If you run a search on the Internet for E1 errors on Dometic thermostats, particularly their CCC2 system, you will note finding E1 on your thermostat’s LED screen is all too common. So you may be wondering what it means and how to troubleshoot it, if the reset procedure doesn’t work.
Of course, you know an E1 error means the thermostat has lost its ability to talk to the control board mounted in the ceiling or mounted on the side of the air conditioning unit on the roof. Unless a board or thermostat has failed, an E1 error on a single zone system is relatively uncommon. On the other hand an E1 error is routinely found in the CCC2 thermostat, which is capable of controlling a number of air conditioners using the same thermostat.
The CCC2 system talks to the control boards by way of an RJ11 communication cable. This cable looks just like a standard telephone line with one important difference, when you position the ends of the cable in the same orientation, the order of the wires is exactly the same. Looks at a standard phone line and you will see the order is reversed. RV manufacturers provide the RJ11 cables for their RVs. Technicians like me make their own test cables. Communication via RJ11 cables is old technology for Dometic thermostats first appearing in the old four and then five button Comfort Controls. It was a problem then. It is a problem now.
So why use a single thermostat? For the manufacturers, it can make air conditioner installation faster and simpler. For owners, it saves them all that time that is required to set two thermostats, perhaps as much as 30 seconds per day. The downside is communication with RJ11 cables has always been problematic, but now it is worse.
Here is a link to the reset procedure for the CCC2 system
These same instructions are in multiple sites on the Internet. The issue no one addresses is why the RV manufacturers are installing a system that has resulted in so many posts on the Internet asking what to do when it doesn’t work.
So what do you see on the thermostat along with the E1 error code? You should see a flashing number telling which zone is not communicating. Now if you call into Dometic, the person on the phone will read you the manual and tell you to just keep trying the reset and I have had some customers who have tried the reset as many as 30 or 40 times . You do not need to, by the way, unplug your shoreline or disconnect your batteries. Just flip the AC breaker and pull the fuse for the thermostat so the screen is dead.
So let’s say you have no luck. What to do next? The next step is to take the problem unit offline. In other words, unplug the RJ11 cable to the problem child unit. The RJ11 cables are either plugged directly into the board or to a “connector” made of plastic. They are easily unplugged and plugged back in, so try that first. If the problem unit was any unit other than the first, find the RJ11 for that unit (often the cable that is a different color than the others) and unplug. If it is the first unit, unplug from the board. Doing that, you have removed the problem from the system and unit #1 may immediately start back up. Likewise, plugging the cable back in may again kill the system, but you know you are on the right track.
Now, disconnect the cable again and simply take the RJ11 tool that you can buy at any Lowes or Home Depot and gently press on the end as though you were installing a new end and see if tightening it works. If it does, when you plug it back in and go through the reset procedure, you will be back in business. You may have to do this at both the master and the problem unit.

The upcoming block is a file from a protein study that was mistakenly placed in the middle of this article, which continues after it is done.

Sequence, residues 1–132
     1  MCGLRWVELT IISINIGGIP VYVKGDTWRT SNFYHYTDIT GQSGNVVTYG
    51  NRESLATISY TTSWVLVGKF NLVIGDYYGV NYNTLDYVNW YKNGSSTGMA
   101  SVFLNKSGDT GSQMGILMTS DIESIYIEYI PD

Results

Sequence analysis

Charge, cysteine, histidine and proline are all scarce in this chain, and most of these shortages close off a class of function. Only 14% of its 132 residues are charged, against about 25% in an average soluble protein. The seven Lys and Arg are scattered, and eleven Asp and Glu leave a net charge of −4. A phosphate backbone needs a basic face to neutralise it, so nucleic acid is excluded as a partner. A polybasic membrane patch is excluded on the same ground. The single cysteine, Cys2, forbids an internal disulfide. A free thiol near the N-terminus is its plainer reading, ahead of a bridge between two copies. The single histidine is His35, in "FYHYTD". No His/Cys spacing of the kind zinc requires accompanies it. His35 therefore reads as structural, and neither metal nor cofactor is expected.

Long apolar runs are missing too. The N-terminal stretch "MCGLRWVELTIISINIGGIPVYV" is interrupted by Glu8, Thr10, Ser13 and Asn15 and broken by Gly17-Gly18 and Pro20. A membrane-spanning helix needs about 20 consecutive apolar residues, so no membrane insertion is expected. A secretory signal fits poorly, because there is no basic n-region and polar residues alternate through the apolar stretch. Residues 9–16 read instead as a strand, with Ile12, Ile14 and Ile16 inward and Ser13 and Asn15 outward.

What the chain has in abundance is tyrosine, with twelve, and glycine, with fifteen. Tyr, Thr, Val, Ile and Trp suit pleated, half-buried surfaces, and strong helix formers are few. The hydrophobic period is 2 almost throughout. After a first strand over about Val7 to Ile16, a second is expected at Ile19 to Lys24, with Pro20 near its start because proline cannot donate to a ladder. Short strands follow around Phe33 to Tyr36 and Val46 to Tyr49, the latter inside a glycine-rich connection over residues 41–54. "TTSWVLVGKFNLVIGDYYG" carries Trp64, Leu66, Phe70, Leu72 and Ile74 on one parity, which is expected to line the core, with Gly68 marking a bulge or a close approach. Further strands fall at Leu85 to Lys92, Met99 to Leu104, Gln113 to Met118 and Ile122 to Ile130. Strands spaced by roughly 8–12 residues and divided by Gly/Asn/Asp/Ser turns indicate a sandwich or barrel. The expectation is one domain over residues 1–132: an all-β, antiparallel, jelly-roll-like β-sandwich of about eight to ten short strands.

If that doesn’t work, you will have to make a test cable. You can find instructions for making RJ11 cables on the Internet, but here is the fastest way to do it. Purchase a telephone cable long enough to reach from the control unit to the problem unit, 25-feet is usually enough. Cut one end off the cable and prepare the cable with your tool just like you were going to put a new end on.
Now, take the new end and orient it exactly the same way as end still in place on the cable. That is, match the black wire on the same side of the end, when you slide the new end on. Now crimp it down with your tool. If you have done this step correctly, your cable ends will look exactly the same with the colors of each wire in the same order.
Unplug from the connector just like you initially did and plug the new cable in the connector. Now take the cover off the unit that is not working and unplug the cable end there at the connector so your test cable takes the place of the original cable. Run the reset procedure. If it works, you have a bad cable and your task is how to run a new RJ11. Yes that is often impossible or nearly so, but you bought this system, not me. If the test cable doesn’t work, you have a bad board on the problem unit and it has to be replaced.
Now if these troubleshooting procedures sound like bad news, you are on target. My own suggestion would be not to purchase any RV with a CCC2 system in place. Having a thermostat for each air conditioning unit is a much more reliable system and you will never have to deal with losing all your air conditioning at the same time due to a control issue. If you just have to have a single thermostat, make sure you do not buy an RV with the little return airs in the ceiling. Without the large ceiling return, there is no way to get to anything without going up onto the roof of the RV and removing the cover and the evaporator coil cover on the air conditioner.
As a finally note, make sure you are not operating fluorescent or LED lights in close proximity to your multi-zone thermostat. Those types of lights with upset the electronics in the CCC2 as well as other multi-zone systems.
Steve (Mobility RV Service)
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